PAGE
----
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Factors Associated with Resilience among MSW Students in the Face of the COVID-19 Pandemic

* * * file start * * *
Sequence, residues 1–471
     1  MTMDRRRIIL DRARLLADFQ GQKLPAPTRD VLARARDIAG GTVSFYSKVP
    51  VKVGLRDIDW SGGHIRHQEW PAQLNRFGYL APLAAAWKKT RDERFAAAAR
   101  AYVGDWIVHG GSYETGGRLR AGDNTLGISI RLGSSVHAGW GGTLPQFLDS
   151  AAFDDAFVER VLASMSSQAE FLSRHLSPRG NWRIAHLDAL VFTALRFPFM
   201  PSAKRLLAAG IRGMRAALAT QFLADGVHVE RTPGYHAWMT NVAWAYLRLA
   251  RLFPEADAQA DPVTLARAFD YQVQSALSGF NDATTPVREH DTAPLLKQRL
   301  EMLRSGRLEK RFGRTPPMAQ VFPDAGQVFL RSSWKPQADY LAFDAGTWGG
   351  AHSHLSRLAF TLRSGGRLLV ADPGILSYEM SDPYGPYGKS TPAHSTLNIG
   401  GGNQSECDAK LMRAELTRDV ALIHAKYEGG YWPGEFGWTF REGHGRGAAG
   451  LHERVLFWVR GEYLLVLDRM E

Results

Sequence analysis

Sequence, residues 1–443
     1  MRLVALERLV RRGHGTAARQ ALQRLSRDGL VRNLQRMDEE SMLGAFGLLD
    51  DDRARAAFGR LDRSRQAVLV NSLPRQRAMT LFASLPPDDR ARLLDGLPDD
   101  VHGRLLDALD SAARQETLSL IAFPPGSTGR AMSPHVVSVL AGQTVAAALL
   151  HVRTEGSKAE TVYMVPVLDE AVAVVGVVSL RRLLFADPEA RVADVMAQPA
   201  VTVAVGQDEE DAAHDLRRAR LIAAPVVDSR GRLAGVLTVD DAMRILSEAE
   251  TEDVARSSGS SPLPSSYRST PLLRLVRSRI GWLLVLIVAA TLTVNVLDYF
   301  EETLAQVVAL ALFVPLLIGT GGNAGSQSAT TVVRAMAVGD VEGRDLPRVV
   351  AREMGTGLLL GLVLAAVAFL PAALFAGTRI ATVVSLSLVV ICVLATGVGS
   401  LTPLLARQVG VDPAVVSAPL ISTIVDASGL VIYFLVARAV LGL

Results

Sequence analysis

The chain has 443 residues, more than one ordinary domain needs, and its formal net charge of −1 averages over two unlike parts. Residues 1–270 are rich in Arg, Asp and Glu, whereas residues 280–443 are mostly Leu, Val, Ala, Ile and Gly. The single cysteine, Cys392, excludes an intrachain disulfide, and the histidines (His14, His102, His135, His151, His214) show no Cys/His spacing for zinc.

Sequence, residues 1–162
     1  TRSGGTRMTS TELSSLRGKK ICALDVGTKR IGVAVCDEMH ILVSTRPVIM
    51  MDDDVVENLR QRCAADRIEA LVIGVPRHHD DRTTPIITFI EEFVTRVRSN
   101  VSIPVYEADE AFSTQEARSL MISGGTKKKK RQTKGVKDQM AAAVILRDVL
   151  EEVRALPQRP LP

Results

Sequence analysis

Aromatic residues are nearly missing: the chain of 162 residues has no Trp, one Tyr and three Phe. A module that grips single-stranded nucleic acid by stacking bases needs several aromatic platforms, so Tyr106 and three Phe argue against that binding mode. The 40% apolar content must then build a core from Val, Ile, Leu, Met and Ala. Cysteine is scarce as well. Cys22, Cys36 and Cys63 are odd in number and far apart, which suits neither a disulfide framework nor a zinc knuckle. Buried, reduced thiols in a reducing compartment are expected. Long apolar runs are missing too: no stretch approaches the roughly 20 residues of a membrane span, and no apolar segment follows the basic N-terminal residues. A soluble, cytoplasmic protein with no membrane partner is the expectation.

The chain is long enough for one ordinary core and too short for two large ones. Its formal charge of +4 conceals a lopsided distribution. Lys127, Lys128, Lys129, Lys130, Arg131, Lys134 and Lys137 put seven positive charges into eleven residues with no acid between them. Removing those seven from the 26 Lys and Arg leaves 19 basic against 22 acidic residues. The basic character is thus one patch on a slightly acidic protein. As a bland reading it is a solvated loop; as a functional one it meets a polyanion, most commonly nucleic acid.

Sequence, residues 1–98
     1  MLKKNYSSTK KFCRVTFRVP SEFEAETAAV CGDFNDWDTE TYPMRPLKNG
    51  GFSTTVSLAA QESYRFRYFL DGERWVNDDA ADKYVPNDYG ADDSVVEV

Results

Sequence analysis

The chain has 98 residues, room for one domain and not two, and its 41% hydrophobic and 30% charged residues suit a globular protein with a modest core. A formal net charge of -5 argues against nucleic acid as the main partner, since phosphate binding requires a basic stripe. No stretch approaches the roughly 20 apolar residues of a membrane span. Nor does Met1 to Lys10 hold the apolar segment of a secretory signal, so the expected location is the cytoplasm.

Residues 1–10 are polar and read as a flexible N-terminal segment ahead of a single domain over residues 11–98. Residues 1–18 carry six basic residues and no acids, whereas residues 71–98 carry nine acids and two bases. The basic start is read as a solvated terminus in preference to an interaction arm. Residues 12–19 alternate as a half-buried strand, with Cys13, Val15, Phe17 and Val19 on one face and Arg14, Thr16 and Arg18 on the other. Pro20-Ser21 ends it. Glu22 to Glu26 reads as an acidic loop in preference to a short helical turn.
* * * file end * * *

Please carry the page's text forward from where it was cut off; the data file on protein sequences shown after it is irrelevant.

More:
COVID-19 continues to affect the general population, and its impact on MSW students is unknown. Therefore, this study aims to examine resilience, attachment, and other mental health constructs among MSW students during COVID-19. U.S. MSW program directors were emailed the electronic surveys to distribute to their MSW students. Authors evaluated the bivariate relationship between the variables and conducted a multiple hierarchical regression predicting resilience. The findings suggest that individuals with higher levels of resilience have lower levels of depression and PTSD. Finally, attachment avoidance, attachment anxiety, and self-efficacy were statistically significant predictors of resilience in the hierarchical regression. This study adds to the literature on how MSW students have been impacted by COVID-19 stressors and the role resilience, self-efficacy, and attachment styles have in terms of mental health outcomes during the pandemic. These results are important when considering interventions to assist MSW students during and after the pandemic, especially regarding stress reduction and student success.


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